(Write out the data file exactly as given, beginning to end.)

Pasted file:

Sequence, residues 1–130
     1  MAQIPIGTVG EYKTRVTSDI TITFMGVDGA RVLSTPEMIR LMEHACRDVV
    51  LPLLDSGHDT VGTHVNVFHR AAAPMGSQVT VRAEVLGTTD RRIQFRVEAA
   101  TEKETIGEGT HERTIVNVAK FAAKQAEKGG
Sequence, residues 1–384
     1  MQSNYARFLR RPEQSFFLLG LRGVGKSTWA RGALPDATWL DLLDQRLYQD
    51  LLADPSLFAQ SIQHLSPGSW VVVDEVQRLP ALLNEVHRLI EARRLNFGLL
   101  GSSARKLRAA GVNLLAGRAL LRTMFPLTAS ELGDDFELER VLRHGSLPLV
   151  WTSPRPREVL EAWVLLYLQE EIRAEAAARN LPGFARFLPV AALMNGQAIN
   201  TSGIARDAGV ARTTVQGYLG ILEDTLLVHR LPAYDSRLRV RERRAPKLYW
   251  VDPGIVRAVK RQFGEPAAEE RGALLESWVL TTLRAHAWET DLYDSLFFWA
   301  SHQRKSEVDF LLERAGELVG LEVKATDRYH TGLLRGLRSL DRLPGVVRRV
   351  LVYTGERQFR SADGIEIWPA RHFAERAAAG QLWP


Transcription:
Sequence, residues 1–130
     1  MAQIPIGTVG EYKTRVTSDI TITFMGVDGA RVLSTPEMIR LMEHACRDVV
    51  LPLLDSGHDT VGTHVNVFHR AAAPMGSQVT VRAEVLGTTD RRIQFRVEAA
   101  TEKETIGEGT HERTIVNVAK FAAKQAEKGG
Sequence, residues 1–384
     1  MQSNYARFLR RPEQSFFLLG LRGVGKSTWA RGALPDATWL DLLDQRLYQD
    51  LLADPSLFAQ SIQHLSPGSW VVVDEVQRLP ALLNEVHRLI EARRLNFGLL
   101  GSSARKLRAA GVNLLAGRAL LRTMFPLTAS ELGDDFELER VLRHGSLPLV
   151  WTSPRPREVL EAWVLLYLQE EIRAEAAARN LPGFARFLPV AALMNGQAIN
   201  TSGIARDAGV ARTTVQGYLG ILEDTLLVHR LPAYDSRLRV RERRAPKLYW
   251  VDPGIVRAVK RQFGEPAAEE RGALLESWVL TTLRAHAWET DLYDSLFFWA
   301  SHQRKSEVDF LLERAGELVG LEVKATDRYH TGLLRGLRSL DRLPGVVRRV
   351  LVYTGERQFR SADGIEIWPA RHFAERAAAG QLWP